Going “bananas” for environment!

Going “bananas” for environment!

Going “bananas” for environment!

Rahul Bhandari, IAS

Amid the entire world grappling with the problem of environment pollution, some small but admirable initiatives across the globe have restored hope.

The information pouring in from Vietnam is both pleasant and relieving. The shopping malls and shops have started using banana leaves to pack goods. A supermarket in Thailand has also started using banana leaves replacing polythene bags to pack vegetables.

Some individuals have also made attempts in Taiwan and Vietnam to reduce the use of plastics. Media reports suggest that they are using banana leaves for packing goods, offering discounts on eco-friendly products, bags made of maize powder and recycled stationery have been in trend.

At least three market chains in Vietnam – Lotte Mart, Saigon Co.op, and Big C –have started experimenting with banana leaves as a packaging alternative in their stores as well. The grocery chain Lotte Mart plan to completely replace plastic with leaves nationwide. Big C already offers biodegradable bags made with corn powder in its stores.

Singapore supermarkets have initiated campaigns on the need to reduce plastic bag use. The Taiwanese shops now charge for single-use plastic bags to discourage customers from using them. The big news has trickled in from China. The country has witnessed 66 per cent drop in plastic bag since the banning of the use of ultra-thin plastic bags in 2008.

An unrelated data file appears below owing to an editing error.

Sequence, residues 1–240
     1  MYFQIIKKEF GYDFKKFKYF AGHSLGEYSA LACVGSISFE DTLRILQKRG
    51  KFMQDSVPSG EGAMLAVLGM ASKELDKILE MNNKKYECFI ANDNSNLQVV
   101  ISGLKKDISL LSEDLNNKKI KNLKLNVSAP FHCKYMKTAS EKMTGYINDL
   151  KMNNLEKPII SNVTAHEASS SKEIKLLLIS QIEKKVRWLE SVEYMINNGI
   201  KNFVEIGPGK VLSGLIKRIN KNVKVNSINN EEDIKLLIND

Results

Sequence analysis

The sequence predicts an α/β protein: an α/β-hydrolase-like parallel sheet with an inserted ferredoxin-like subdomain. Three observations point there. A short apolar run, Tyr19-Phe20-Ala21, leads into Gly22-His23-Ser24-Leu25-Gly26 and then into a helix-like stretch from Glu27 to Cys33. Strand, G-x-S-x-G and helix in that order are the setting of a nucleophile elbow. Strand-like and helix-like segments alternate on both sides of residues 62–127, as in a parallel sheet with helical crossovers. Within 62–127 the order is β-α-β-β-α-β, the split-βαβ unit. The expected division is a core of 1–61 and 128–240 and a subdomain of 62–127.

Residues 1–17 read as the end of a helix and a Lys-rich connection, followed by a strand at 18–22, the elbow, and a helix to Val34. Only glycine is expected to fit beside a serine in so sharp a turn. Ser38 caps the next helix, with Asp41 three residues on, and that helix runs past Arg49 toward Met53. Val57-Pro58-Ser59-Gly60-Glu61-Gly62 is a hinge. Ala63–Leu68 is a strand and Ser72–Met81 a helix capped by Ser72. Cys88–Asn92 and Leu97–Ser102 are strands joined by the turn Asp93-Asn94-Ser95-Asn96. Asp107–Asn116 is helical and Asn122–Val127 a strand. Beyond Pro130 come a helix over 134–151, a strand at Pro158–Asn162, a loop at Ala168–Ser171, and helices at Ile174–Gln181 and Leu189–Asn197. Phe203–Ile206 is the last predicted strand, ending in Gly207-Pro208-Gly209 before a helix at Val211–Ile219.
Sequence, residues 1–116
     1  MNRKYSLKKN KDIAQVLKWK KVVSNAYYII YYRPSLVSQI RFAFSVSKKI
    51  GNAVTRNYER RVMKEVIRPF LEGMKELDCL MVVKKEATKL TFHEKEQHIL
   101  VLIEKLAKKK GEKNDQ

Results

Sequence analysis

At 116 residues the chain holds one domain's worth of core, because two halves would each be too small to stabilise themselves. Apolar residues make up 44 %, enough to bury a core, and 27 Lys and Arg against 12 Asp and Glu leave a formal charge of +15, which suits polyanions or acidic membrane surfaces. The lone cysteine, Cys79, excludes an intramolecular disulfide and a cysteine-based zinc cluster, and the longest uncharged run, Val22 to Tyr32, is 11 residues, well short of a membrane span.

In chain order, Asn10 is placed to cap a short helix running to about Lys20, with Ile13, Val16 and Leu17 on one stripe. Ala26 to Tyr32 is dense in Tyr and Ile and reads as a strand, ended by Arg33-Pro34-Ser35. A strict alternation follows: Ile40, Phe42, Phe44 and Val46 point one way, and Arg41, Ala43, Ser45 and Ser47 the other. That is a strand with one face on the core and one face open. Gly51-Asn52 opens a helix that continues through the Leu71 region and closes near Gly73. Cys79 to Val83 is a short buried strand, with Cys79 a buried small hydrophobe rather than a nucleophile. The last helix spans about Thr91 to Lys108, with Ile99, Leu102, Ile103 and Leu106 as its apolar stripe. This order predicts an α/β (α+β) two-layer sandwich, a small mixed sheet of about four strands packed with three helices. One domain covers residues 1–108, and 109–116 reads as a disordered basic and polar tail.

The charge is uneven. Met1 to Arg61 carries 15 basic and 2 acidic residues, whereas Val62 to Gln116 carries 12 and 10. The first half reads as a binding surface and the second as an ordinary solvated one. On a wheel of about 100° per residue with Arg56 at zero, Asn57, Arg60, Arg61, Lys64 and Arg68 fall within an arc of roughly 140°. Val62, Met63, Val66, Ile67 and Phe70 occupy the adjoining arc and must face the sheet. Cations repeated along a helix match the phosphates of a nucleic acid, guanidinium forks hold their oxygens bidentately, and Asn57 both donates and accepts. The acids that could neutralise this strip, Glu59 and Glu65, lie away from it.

Interestingly, people in Taiwan have taken a step ahead. They have started carrying their own mugs for tea or coffee instead of using thermacol or plastic mugs. Countries like Taiwan, Vietnam, Kenya, Britain, France, Canada, Zimbabwe and Morocco have also launched a crusade against the use of plastic.

If some of the less developed countries could wake up to fight environment pollution due to plastic, why can’t people in India imbibe the change? Traditionally, Indians used plates made of leaves (pattals) to serve food during weddings or religious ceremonies. The tradition can be revived. A jute or cloth bag can very well replace plastic carry bags. Plastic cups could also witness the revival of kulhars (earthen containers).

Options are a plenty. What we lack is the will and initiative to shun plastic and imbibe the rich Indian tradition.

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